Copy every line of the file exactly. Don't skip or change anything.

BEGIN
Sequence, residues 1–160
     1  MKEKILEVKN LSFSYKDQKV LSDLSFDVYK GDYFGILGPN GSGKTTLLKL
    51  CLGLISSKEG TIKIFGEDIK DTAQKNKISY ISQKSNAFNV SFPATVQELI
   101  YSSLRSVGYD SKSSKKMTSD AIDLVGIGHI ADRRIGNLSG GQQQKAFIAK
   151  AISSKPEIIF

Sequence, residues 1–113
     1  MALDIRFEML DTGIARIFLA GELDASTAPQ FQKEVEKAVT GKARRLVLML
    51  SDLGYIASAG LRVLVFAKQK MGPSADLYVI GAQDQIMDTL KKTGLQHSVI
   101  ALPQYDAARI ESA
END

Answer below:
Sequence, residues 1–160
     1  MKEKILEVKN LSFSYKDQKV LSDLSFDVYK GDYFGILGPN GSGKTTLLKL
    51  CLGLISSKEG TIKIFGEDIK DTAQKNKISY ISQKSNAFNV SFPATVQELI
   101  YSSLRSVGYD SKSSKKMTSD AIDLVGIGHI ADRRIGNLSG GQQQKAFIAK
   151  AISSKPEIIF

Sequence, residues 1–113
     1  MALDIRFEML DTGIARIFLA GELDASTAPQ FQKEVEKAVT GKARRLVLML
    51  SDLGYIASAG LRVLVFAKQK MGPSADLYVI GAQDQIMDTL KKTGLQHSVI
   101  ALPQYDAARI ESA